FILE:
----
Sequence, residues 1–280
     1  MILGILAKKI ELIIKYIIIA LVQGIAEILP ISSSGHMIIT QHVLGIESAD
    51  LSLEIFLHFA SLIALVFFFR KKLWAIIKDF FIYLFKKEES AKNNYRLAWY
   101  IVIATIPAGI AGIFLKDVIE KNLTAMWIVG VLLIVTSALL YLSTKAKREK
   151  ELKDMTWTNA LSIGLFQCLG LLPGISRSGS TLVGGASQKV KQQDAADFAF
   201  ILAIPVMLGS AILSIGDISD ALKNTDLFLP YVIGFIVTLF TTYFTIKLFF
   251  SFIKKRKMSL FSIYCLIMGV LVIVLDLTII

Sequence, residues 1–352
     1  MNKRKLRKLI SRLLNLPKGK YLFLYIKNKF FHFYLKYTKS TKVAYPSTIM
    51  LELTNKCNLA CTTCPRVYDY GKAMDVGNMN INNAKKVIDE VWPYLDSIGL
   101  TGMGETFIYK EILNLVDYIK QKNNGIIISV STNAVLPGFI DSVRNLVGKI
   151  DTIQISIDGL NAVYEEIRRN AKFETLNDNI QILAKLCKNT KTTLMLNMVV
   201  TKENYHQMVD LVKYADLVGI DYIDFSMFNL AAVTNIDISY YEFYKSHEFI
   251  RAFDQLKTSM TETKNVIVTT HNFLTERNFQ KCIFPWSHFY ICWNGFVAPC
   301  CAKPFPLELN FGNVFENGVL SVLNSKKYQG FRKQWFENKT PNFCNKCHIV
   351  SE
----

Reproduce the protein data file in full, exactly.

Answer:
Sequence, residues 1–280
     1  MILGILAKKI ELIIKYIIIA LVQGIAEILP ISSSGHMIIT QHVLGIESAD
    51  LSLEIFLHFA SLIALVFFFR KKLWAIIKDF FIYLFKKEES AKNNYRLAWY
   101  IVIATIPAGI AGIFLKDVIE KNLTAMWIVG VLLIVTSALL YLSTKAKREK
   151  ELKDMTWTNA LSIGLFQCLG LLPGISRSGS TLVGGASQKV KQQDAADFAF
   201  ILAIPVMLGS AILSIGDISD ALKNTDLFLP YVIGFIVTLF TTYFTIKLFF
   251  SFIKKRKMSL FSIYCLIMGV LVIVLDLTII

Sequence, residues 1–352
     1  MNKRKLRKLI SRLLNLPKGK YLFLYIKNKF FHFYLKYTKS TKVAYPSTIM
    51  LELTNKCNLA CTTCPRVYDY GKAMDVGNMN INNAKKVIDE VWPYLDSIGL
   101  TGMGETFIYK EILNLVDYIK QKNNGIIISV STNAVLPGFI DSVRNLVGKI
   151  DTIQISIDGL NAVYEEIRRN AKFETLNDNI QILAKLCKNT KTTLMLNMVV
   201  TKENYHQMVD LVKYADLVGI DYIDFSMFNL AAVTNIDISY YEFYKSHEFI
   251  RAFDQLKTSM TETKNVIVTT HNFLTERNFQ KCIFPWSHFY ICWNGFVAPC
   301  CAKPFPLELN FGNVFENGVL SVLNSKKYQG FRKQWFENKT PNFCNKCHIV
   351  SE